I had planned to run for 15 minutes then do a 2 minute walk/13 minute run pattern. But I got the first aid station and I was hurting. So I stopped for a "medication" break. I took two Advil (my first of the day) and rubbed Rock Sauce all over my calf and hip. It worked and I was able to start running again.

When my watched beeped for the first 15 min. interval, I hadn't been running very long so I kept going. I ended up just walking the aid stations. That worked pretty well. I started out over-hydrating. I was worried about calories and hydration but one cup of water and one chocolate chip cookie at each aid station turned out to be perfect. I was generous in my aid station walking, trying to walk at least a minute each time, but I forgot to walk the 3rd aid station and I had to stop and pee at one point so I started walking a shorter time at each station.

I got to the half-way point and it looked like I was on target to finish in 2:40. I figured that wouldn't hold up as I was running slower and slower, but I figured my dream time of "under 3 hours" was still doable. This made me very happy. I stopped for another medication break at the first aid station after the turn-around loop and did more Rock Sauce and three Advils. I also peed some more, reinforcing my feeling that I had over-hydrated at the start.

At this point, I was determined to finish in under three hours and the Advil had completely kicked in so my aid station walking got shorter and shorter. I would walk while I drank my water so I could get the whole cup in but that was about it. I was worried a bit about gastric distress, but another pee break didn't help with that feeling so I decided I needed to run the last three miles and just see what happened.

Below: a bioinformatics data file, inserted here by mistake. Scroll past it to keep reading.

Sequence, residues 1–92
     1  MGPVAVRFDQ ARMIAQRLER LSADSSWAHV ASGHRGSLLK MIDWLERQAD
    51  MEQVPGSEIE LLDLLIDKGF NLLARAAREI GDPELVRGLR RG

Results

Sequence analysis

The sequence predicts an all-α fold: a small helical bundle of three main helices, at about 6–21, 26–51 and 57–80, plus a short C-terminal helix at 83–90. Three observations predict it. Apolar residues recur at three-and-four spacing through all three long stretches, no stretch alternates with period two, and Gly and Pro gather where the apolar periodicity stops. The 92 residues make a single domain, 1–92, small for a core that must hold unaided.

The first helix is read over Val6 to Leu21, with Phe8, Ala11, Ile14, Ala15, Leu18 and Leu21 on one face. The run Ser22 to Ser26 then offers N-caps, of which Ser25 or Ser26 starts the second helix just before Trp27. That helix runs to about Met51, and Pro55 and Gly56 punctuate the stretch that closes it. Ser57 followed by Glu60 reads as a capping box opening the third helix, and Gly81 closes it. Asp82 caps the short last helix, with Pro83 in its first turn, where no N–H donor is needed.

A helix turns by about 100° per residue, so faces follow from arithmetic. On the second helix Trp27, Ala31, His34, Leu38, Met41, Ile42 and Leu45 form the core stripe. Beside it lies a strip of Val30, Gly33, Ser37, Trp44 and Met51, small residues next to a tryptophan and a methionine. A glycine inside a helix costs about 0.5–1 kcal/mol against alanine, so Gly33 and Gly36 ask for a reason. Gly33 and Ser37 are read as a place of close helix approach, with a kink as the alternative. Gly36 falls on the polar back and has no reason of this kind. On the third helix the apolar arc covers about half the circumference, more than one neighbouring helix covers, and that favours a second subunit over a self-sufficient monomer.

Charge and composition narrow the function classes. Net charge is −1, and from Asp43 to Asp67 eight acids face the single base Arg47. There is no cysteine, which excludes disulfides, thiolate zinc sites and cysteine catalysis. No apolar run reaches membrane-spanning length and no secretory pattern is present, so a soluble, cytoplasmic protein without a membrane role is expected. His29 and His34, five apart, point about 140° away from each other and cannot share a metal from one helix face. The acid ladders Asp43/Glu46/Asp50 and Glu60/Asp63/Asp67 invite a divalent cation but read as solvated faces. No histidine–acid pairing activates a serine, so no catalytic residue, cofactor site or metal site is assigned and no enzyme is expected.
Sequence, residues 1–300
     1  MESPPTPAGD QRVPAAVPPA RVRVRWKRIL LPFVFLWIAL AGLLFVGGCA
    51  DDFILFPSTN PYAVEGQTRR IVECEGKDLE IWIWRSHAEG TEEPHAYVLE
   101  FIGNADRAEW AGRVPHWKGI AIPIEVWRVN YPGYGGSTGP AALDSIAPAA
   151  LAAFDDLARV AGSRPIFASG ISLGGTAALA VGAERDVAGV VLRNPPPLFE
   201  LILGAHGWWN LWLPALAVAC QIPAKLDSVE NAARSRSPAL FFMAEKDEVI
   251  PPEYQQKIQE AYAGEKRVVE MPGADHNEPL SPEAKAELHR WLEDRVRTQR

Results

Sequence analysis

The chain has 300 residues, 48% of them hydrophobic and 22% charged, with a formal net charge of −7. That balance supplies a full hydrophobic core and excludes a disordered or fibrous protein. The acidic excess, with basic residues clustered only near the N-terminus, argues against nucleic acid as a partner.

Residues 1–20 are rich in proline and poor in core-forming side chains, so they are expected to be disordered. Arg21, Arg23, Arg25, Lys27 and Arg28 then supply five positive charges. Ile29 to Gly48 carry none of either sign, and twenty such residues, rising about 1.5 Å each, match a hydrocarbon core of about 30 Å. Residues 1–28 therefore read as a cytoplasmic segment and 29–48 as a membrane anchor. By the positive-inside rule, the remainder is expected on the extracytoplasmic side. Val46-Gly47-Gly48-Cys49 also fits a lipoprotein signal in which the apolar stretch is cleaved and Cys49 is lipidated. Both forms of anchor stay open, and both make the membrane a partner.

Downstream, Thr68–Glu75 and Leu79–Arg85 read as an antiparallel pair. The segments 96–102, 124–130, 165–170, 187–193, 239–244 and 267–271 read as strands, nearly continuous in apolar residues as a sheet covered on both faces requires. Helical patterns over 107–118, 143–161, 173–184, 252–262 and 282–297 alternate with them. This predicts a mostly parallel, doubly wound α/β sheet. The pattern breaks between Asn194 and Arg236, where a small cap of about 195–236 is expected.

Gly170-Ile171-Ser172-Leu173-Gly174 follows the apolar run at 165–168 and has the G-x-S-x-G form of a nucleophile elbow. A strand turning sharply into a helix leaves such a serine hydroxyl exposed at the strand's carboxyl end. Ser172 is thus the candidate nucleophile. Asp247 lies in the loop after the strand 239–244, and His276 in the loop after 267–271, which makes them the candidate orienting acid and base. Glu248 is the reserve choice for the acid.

Unfortunately, somewhere around mile eight, I took two more Advi but only washed them down with a sip of water in my attempt to stop peeing. Well, my tummy most definitely did not like that and by mile 12 I was in pain and couldn't run at all. I could see I wasn't going to make three hours at this rate and that made me so made that I had some Gatorade and just forced myself to run again. The combination seemed to work and I was able to force myself that last mile faster than I'd been running up to that point.

The Finish

I turned into the finish, saw my friend Seht, slapped a lot of people's hands as they yelled "Go, Fluid Girl" (I heard that a lot during the race, actually, and, for once I wasn't feeling like I was embarrassing Fluid with my performance, so it was cool) and raced across the finish. They had a finish line tape! I had never experienced that before and I ran through the tape with my arms up in victory with 2:57 on my watch. I was so excited! But also nauseous. They asked me at the finish line if I was okay, which had never happened to me before.

But I did recover. I forgot to get my medal and had to go back for it, but I put some food in me and that finished off whatever disco dancing was going on in my tummy and I was back to normal. I hung out a bit with my friends, but was conscious that Seht had spent his day at my disposal so soon sought him out.

I did ask him to stay for the awards segment. I had never seen them give out championship slots and wasn't sure how the roll-down worked. I knew I wasn't going to get a slot to the 70.3 World Championships or Kona but I figured some day I might so it would be good to know how it worked. Plus I wanted to see Cary get her award. (She came in 3rd in our age group.)